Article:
I missed this film in cinemas and I was grateful for a TV screening that fitted into the ‘Christmas ghost story’ slot. The production was part-financed by BBC Films so it may be repeated in future Christmas schedules. The title refers to something repressed by the central character, Florence Cathcart (Rebecca Hall), a war widow and an educated and independent young woman (with plenty of money) in London in 1921. After the successful publication of her book about ‘ghost-hunting’ she is employed as a freelance investigator and the film opens with a set piece exposé of a fraudulent medium. But then Florence receives a visit from Robert Mallory (Dominic West), a teacher from a boarding prep school in Cumbria where a young boy has died in mysterious circumstances in what is believed to be a haunted building. Reluctantly, she agrees to travel north. What then transpires is an interesting drama involving mystery, romance and something which the rationalist Ms Cathcart is forced to come to terms with.
On the whole I enjoyed this first feature by director Nick Murphy who also co-wrote the film with the more experienced Stephen Volk. The weakest section for me was the opening up until the arrival at the school. The séance scene worked well but once outside the house I suddenly felt plunged into ‘BBC costume drama London’. Realist aesthetics in British film are so problematic. Recreations of 1920s/30s London always tend to use the same few ‘preserved’ streets which are so carefully ‘dressed’ and so clean that they look unreal. This was aggravated by the overall colour palette of the film with its almost bleached and subdued range. The squares (around Regent’s Park, I think) of white-painted houses positively gleamed in the sunlight – much as they have in countless TV series and several other films. This was then followed by the most picturesque train journey, actually through Scotland (Creative Scotland was another funder) – looking like an outtake from Harry Potter. Fortunately, once the narrative deposited the audience at the school (an amalgam of Scottish stately homes) the genre tropes kicked into gear and Eduard Grau’s cinematography and David Pemberton’s score became much more acceptable. All of this might be put in perspective by comparing the film with Hammer’s The Woman in Black (2012), which faced with a similar narrative set just a few years earlier, goes for broke with Gothic expressionism.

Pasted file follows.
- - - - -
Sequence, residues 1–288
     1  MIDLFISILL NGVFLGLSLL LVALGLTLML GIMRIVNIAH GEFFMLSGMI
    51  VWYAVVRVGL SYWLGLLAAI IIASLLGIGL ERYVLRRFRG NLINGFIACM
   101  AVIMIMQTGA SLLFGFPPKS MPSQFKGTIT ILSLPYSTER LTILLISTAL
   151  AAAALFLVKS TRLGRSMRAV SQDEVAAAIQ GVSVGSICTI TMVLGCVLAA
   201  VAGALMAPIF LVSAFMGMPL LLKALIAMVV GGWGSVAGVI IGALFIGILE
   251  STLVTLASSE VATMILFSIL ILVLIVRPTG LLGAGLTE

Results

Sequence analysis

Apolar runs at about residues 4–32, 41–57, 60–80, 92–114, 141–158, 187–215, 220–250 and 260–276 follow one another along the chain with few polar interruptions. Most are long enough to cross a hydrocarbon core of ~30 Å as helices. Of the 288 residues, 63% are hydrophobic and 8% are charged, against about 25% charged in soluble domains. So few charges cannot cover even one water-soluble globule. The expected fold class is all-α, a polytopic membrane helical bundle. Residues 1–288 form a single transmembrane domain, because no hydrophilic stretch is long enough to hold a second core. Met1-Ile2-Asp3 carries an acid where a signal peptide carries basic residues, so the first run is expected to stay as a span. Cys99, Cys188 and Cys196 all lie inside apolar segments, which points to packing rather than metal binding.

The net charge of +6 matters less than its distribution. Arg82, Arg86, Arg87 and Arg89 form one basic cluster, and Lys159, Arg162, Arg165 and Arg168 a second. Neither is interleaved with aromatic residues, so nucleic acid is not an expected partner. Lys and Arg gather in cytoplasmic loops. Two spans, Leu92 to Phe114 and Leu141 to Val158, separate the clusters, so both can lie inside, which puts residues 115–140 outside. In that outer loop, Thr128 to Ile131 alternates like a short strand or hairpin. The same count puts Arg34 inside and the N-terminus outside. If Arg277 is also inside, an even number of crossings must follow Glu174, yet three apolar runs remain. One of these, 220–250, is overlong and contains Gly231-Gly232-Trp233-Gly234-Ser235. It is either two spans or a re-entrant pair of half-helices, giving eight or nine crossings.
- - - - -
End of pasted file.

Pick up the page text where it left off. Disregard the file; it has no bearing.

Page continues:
The Awakening is perhaps trying to distance itself from the heavily Gothic trappings and, unconsciously or not, links itself to the post World War I dramas about loss, trauma, grieving etc. (I was reminded Regeneration, the 1997 adaptation of Pat Barker’s novel.) Nevertheless, The Awakening mixes elements easily identifiable from three classic films: The Innocents (UK 1961), The Others (Spain/US 2001) and El orfanato (The Orphanage, Spain 2007). Thus we have an emotionally stressed young woman, a child/children and mysterious servants in a remote house. Murphy and Volk juggle these elements quite well and deliver an enigmatic but satisfying ending. Rebecca Hall has to carry the narrative drive and she does so magnificently. Again I was a little unsure at first about her character who seemed just too ‘modern’ in speech and behaviour, but as the narrative moved more towards melodrama she grew into the part very well. Dominic West is very good as well (though disconcertingly he looks exactly as he does in the 2011-2 TV series The Hour, set in the 1950s – whereas Hall I saw in Parade’s End (2012) set in roughly the same period). The other leading players include Imelda Staunton as the school’s matron, Shawn Dooley as another (damaged) teacher and Isaac William Hempstead as one of the boys (he’s since appeared in Game of Thrones).
The Awakening isn’t a masterpiece like each of the three titles listed above, but it is an interesting attempt to re-work the same elements and to draw on a different notion of national trauma – something perhaps worth researching further and comparing to the importance of the ‘disappeared’ in Francoist Spain which informs El orfanato. The Lumière Database entry on the film reveals that although business was weak in the UK, it was much better in several other European markets – Spain matching the UK and Italy recording double the number of admissions. Russia and Poland also chipped in. Unfortunately, DVD figures are harder to find but there was a release in the US and in Japan (see the poster which emphasises the Gothic heroine).
I hope that the film doesn’t disappear and that it generates interest from scholars.